The Canadian dollar was ahead by more than a penny and Toronto stocks rose after Qatar's top energy official confirmed OPEC member states and other major oil producers will meet next month to discuss a freeze on oil output.
The talks will be hosted in Doha on April 17, according to a statement from Mohammed bin Saleh al-Sada, Qatar's energy minister.
Oil prices reversed their downward trend of the last two days on the news. Brent crude soared above $40 US and West Texas Intermediate was up 5.8 per cent at the close of trading.
WTI, the benchmark North American contract, rose $2.12 US to $38.24 US a barrel. Brent crude, the main international contract, was up $1.53 at $40.27.
The loonie closed above 76 cents US at 76.21, gaining 1.37 cents US on the day, after the U.S. Fed announced it would not raise rates. The interest rate announcement caused a spike in currencies and markets.
The TSX also gained, rising 77 points to 13,478.
Oil prices have been declining for the past 18 months as an oversupply of oil floods world markets.
Saudi Arabia, which has crude that is relatively cheap to recover, was believed to be content to let prices drop in order to keep its market share.
Production from non-OPEC sources, primarily the North American oilpatch, has dropped as prices sank.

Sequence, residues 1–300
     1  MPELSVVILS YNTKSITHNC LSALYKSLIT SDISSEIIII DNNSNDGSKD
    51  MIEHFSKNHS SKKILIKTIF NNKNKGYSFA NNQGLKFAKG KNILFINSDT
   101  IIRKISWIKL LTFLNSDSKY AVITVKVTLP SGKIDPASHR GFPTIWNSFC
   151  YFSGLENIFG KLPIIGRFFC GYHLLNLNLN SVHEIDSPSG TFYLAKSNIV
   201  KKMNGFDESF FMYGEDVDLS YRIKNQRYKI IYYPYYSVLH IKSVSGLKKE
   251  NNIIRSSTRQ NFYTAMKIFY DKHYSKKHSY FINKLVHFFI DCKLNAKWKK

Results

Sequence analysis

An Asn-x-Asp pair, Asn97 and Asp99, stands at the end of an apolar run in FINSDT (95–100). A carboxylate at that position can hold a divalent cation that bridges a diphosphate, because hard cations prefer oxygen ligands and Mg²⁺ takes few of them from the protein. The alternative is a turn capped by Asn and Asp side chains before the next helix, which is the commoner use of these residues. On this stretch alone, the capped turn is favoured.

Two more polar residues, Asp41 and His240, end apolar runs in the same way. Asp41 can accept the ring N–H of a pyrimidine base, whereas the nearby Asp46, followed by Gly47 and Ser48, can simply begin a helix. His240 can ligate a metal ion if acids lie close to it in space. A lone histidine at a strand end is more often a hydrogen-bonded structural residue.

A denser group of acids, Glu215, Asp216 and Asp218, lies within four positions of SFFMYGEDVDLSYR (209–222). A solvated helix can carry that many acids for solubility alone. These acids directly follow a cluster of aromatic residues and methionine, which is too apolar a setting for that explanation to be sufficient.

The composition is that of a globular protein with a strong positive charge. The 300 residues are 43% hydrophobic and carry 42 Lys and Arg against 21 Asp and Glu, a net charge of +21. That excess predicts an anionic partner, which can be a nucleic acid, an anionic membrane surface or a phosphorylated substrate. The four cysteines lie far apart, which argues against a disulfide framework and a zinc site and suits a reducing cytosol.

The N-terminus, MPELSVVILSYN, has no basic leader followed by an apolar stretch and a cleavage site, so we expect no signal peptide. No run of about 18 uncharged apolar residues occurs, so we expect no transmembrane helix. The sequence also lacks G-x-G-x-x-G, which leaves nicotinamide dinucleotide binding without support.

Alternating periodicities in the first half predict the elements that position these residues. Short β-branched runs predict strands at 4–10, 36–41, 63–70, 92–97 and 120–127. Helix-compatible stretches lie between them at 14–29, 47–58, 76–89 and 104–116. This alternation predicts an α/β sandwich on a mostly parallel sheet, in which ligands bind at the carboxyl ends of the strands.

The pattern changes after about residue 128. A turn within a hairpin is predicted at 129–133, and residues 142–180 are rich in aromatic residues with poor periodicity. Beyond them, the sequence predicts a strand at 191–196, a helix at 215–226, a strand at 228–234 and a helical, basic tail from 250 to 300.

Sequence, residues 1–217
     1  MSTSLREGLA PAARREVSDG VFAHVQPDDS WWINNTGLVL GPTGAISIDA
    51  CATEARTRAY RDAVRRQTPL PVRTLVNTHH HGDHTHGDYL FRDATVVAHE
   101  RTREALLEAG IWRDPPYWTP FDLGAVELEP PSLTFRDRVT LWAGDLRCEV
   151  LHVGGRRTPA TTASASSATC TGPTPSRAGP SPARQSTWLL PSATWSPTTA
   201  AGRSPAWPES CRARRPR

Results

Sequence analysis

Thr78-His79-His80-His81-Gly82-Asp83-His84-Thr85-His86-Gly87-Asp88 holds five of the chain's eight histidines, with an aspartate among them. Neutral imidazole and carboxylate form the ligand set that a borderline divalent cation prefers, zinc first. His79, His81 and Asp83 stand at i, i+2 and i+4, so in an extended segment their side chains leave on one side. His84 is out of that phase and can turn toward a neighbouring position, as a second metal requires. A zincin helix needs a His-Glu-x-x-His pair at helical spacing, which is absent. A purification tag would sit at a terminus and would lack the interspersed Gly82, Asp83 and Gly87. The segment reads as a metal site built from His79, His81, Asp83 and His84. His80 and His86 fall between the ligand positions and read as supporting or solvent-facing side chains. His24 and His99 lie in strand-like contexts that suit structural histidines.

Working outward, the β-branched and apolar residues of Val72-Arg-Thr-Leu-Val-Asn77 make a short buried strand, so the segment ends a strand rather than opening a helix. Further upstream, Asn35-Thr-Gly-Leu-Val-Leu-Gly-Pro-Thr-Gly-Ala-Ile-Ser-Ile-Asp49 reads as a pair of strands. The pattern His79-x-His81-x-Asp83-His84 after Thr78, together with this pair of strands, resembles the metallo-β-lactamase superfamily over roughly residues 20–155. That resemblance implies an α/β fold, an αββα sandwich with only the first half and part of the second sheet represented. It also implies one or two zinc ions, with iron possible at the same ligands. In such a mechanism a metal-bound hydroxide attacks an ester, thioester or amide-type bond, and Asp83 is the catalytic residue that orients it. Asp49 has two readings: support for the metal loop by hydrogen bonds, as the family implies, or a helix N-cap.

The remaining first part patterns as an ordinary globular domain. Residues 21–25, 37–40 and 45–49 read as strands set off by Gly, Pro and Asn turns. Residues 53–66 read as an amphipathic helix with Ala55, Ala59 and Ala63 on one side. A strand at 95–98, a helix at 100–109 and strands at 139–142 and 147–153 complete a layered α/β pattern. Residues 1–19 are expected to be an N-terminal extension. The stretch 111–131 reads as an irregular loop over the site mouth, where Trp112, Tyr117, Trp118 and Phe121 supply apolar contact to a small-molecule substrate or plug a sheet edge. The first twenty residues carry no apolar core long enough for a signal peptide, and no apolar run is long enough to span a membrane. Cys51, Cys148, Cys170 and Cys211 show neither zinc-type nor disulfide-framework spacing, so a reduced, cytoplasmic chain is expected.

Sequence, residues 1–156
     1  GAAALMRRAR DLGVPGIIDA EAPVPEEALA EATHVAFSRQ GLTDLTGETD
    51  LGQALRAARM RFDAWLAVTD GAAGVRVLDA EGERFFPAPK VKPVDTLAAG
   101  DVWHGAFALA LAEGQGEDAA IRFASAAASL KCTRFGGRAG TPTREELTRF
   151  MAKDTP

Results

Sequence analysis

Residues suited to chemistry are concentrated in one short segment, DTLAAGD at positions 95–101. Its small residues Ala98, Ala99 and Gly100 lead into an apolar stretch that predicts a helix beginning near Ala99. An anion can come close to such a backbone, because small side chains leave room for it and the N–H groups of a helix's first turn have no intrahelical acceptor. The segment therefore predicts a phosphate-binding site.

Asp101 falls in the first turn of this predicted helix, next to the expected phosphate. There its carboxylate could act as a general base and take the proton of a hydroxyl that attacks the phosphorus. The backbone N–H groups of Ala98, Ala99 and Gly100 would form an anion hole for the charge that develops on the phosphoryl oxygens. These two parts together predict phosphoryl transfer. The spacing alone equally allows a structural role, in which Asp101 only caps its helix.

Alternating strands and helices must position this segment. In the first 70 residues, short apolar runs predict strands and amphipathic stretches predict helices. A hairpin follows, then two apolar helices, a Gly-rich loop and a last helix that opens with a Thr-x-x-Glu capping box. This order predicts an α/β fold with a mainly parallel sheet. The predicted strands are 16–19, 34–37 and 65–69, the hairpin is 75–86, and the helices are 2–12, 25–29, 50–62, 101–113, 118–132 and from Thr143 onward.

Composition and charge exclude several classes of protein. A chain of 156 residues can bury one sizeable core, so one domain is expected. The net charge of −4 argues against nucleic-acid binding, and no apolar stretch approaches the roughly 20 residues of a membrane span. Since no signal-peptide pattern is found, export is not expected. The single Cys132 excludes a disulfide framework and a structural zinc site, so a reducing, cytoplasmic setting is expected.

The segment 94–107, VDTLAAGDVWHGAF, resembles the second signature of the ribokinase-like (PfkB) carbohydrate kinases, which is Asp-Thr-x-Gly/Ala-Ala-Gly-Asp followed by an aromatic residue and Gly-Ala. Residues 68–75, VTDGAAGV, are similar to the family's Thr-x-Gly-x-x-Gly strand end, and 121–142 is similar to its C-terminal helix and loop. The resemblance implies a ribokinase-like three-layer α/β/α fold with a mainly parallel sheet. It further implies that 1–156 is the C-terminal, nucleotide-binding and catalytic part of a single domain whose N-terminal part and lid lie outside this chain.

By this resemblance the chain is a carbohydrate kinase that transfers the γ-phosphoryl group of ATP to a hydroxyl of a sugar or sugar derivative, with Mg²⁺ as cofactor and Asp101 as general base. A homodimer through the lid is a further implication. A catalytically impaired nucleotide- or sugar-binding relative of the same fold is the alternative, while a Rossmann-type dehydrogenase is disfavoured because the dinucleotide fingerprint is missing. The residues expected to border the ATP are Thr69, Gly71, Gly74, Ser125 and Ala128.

But the low prices have become problematic for most OPEC members, as governments are going into debt as revenue streams are diminished.
Russia, while not an OPEC member, is in particular economic trouble and plans to attend the meeting to discuss an oil freeze.
Some 15 oil-producing nations representing about 73 per cent of world output have agreed to take part, according to a statement from Qatar, which is head of OPEC.
"The continuous efforts of the Qatari government have been instrumental in promoting dialogue among all oil producers to support the Doha initiative, helping the stabilization of (the) oil market to the interest of all," al-Sada said in the statement.
Saudi Arabia, Qatar and Venezuela came to a tentative agreement with Russia earlier this month to freeze output if other oil producers follow suit.
OPEC members Kuwait and the United Arab Emirates have expressed support for the initiative.
But Iran, which had sanctions on its oil exports lifted earlier this year, is an outlier. It has said it wants to increase production.
Ultimately much of the decision will rest with the world's biggest producer, Saudi Arabia, which has boosted production throughout the past year, even as oil prices tanked.